The black tea thrips, Heliothrips haemorrhoidalis, is widely distributed in the tropics and subtropics; it also occurs in greenhouses of temperate areas, is highly polyphagous, and has been recorded from more than 100 plant species. Seriously damaged crops include tea, citrus, avocado, as well as cyclamen and many other ornamentals.
Life cycle and appearance of Black tea thrips
Adult black tea thrips are dark brown with the apex of the abdomen paler; females are 1.4-1.7 mm long and males are 1.1-1.2 mm long. The legs are entirely white or yellow. The greenhouse thrips is parthenogenic, it reproduces without mating, and males are rare. The adults are poor fliers and tend to remain in the shaded areas on the plant.
The eggs are white and banana-shaped and are inserted singly in plant tissue by the females. The early larval stage is whitish with red eyes. Larvae become yellowish after feeding. Mature larvae average 1 mm in length. Greenhouse thrips undergo two larval instars then moult to the prepupal stage which is light yellow with red eyes and short wing pads. The pupal stage is slightly larger, with longer wing pads and larger eyes. It is yellowish and then darkens with age. The antennae are bent backward over the head in the pupal stage. The prepupal and pupal stages do not feed.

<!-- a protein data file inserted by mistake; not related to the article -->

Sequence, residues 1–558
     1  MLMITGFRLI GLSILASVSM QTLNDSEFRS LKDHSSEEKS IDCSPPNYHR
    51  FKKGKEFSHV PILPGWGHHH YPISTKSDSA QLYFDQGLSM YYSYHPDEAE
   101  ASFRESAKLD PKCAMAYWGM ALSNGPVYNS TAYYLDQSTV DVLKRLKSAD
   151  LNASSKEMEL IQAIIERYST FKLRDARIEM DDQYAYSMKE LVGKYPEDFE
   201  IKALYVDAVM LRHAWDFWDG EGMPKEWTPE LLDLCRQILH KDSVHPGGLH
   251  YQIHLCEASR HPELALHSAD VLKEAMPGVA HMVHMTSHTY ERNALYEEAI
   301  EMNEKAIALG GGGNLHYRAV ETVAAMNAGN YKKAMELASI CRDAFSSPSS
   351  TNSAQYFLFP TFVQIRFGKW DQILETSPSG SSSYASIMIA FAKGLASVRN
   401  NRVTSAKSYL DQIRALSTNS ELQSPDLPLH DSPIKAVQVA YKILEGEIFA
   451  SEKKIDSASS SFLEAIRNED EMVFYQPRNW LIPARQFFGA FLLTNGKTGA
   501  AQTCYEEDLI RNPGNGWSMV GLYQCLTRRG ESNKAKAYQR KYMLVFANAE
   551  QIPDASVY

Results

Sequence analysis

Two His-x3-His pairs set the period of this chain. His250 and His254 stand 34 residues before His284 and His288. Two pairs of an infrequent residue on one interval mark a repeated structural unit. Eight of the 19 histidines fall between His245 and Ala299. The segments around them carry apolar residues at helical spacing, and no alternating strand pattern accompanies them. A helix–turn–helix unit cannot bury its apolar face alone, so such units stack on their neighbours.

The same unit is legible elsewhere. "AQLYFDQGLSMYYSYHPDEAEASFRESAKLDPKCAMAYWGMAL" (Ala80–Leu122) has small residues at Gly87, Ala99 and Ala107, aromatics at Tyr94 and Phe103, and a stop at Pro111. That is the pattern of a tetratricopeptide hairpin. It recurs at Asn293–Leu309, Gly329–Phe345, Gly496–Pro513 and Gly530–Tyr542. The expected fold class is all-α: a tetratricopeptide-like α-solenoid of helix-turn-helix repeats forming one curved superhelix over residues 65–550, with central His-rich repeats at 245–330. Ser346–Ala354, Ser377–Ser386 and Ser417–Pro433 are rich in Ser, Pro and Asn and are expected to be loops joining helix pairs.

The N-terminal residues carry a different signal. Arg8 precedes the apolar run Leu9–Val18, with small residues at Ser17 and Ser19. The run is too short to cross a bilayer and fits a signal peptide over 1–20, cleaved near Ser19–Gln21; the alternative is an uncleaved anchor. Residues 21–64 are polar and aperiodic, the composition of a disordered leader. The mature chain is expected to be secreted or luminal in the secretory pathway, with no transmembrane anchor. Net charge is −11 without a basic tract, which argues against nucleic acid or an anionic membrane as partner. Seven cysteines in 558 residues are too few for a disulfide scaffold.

The black tea thrips feeds primarily on the foliage of ornamental plants. It attacks the lower surface first and, as feeding progresses and the population increases, moves to the upper surface. The leaves become discoloured and become distorted between the lateral veins. Severely damaged leaves turn yellow and drop. In addition, leaves are covered with small droplets of black excrement from the thrips.